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Updates on Arbitration: Two Recent Decisions That Help Enforce Arbitration Agreements

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It’s no surprise that plaintiffs oppose arbitration agreements. First, arbitration is generally less costly than litigation, which means lower defense costs. Second, it’s a private process, so trial lawyers get less publicity by battling a case before an arbitrator. Nevertheless, despite the constitutionality of the Federal Arbitration Act (FAA), cases continue to be brought in court, despite valid arbitration agreements. Two recent major court decisions may well change this – or at least reduce unnecessary litigation. At Colvin, Saenz, Rodriguez & Kennamer, LLP, our team continues to keep updated on the latest changes in the law, so we can better help our clients protect their hard-earned success stories.

GE Energy Power Conversion France SAS, Corp v. Outokumpu Stainless USA, LLC 

In this striking decision, the U.S. Supreme Court resolved a dispute between circuits in holding last year that non-signatories can indeed compel arbitration. Previously, there was a split of authority.  In the First and Fourth Circuits, non-signatories were able to compel arbitration based on equitable estoppel, people and entities who were not even parties to an arbitration agreement could, in some instances, use the theory in order to show a court that they were directly impacted by the outcome. As such, equitable estoppel provided the means for enforcing an arbitration agreement, even where no party to the agreement was willing to do so. On the other hand, in the Ninth and Eleventh Circuits, this was not the case.

This is important for several reasons. First, the split of authority did not track typical political or geographic lines, so it would be hard to predict how a Fifth Circuit decision may apply the reasoning, if called upon to do so. Therefore, going forward, at least with respect to the limited focus of this decision, the Supreme Court appears to have sided with enforcing arbitration agreements.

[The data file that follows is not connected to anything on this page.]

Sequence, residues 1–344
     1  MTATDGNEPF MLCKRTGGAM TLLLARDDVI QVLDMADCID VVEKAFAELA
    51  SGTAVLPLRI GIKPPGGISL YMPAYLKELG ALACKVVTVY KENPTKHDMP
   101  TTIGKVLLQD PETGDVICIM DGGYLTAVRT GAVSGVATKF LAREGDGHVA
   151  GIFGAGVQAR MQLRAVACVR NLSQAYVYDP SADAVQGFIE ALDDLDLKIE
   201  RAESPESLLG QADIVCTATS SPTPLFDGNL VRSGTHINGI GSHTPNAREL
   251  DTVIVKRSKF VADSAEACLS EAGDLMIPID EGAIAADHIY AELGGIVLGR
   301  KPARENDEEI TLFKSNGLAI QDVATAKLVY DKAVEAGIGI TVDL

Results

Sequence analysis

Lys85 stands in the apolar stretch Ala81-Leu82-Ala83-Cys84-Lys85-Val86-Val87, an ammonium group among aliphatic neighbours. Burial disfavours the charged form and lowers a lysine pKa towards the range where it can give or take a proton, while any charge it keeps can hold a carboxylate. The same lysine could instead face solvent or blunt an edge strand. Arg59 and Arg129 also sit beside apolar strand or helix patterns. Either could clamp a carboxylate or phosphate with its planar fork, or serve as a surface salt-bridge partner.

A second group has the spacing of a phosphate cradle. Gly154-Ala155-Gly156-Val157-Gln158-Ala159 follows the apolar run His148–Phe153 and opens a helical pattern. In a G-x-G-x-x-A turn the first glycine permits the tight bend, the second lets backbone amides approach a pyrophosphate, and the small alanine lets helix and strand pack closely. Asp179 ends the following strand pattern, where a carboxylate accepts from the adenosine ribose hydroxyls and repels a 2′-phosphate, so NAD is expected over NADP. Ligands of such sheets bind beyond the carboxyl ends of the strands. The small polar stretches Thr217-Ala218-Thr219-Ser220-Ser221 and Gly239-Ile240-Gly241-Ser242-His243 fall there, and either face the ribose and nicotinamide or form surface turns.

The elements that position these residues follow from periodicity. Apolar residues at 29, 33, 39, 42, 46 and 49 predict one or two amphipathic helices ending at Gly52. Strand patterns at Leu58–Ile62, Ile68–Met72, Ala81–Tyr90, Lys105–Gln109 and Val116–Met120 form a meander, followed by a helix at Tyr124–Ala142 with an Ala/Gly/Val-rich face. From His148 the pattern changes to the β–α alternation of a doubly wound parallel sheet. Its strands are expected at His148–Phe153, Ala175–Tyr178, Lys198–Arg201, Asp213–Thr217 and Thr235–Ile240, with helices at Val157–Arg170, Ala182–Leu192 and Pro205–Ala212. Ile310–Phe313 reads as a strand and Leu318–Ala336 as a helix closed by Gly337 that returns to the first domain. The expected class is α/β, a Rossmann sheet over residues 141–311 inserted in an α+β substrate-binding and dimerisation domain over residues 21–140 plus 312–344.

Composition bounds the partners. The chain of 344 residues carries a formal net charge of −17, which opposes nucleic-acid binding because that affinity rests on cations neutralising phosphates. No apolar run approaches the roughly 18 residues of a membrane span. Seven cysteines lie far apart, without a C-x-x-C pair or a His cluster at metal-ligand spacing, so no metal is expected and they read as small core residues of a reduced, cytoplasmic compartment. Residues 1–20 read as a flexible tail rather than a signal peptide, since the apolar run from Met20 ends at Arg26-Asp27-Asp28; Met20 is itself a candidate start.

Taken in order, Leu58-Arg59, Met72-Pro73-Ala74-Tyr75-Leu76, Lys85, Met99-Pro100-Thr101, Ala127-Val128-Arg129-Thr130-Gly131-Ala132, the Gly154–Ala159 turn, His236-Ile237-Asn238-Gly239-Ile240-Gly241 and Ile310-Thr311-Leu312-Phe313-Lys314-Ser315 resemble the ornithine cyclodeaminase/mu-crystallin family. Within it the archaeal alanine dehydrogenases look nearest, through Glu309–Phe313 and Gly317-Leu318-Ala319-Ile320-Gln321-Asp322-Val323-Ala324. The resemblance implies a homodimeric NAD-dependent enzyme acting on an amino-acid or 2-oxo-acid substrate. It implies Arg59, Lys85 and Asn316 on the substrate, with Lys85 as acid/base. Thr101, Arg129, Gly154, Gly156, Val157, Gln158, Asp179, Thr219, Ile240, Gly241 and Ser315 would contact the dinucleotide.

Lamps Plus, Inc. v. Varela

In yet another landmark Supreme Court decision from earlier in 2019, the Court was faced with whether class arbitration could be ordered in limited situations, in particular where the written arbitration agreement is facially ambiguous regarding class action suits.

This case is important to insurance carriers and litigants nationally, as many class-wide arbitration matters arise every year. Often, arbitration agreements contained in standard boilerplate contracts are a bit ambiguous on whether they effectively call for a waiver of class actions or just require that class actions be pursued through arbitration. In situations where this ambiguity exists, it can be difficult to get a clear answer.

In Lamps Plus, Inc., the Court reached a final 5-4 decision rejecting California’s standard for interpreting ambiguities in contracts against the drafting party. Instead, the Court determined that unless the contract is specific as to whether class-wide arbitration is consented to in the agreement, the matter cannot be brought by a class. It effectively creates a bar to class-wide arbitration – even where there is ambiguity on that point.

Arbitration Can Save You Time and Money

Arbitration is quickly replacing traditional costly litigation in almost every area of American life, from contracts to healthcare negligence. As the field continues to change, it will be increasingly more important for risk teams and insurance companies to work with a skilled Brownsville commercial litigation attorney who understands this rapidly evolving landscape. At Colvin, Saenz, Rodriguez & Kennamer, LLP, we strive to keep our clients informed of the most recent changes that affect liability and overall risk solutions. Contact us or visit us online to learn how we can help you with your next contested claim.

Resources:

supremecourt.gov/opinions/19pdf/18-1048_8ok0.pdf

scotusblog.com/case-files/cases/lamps-plus-inc-v-varela/

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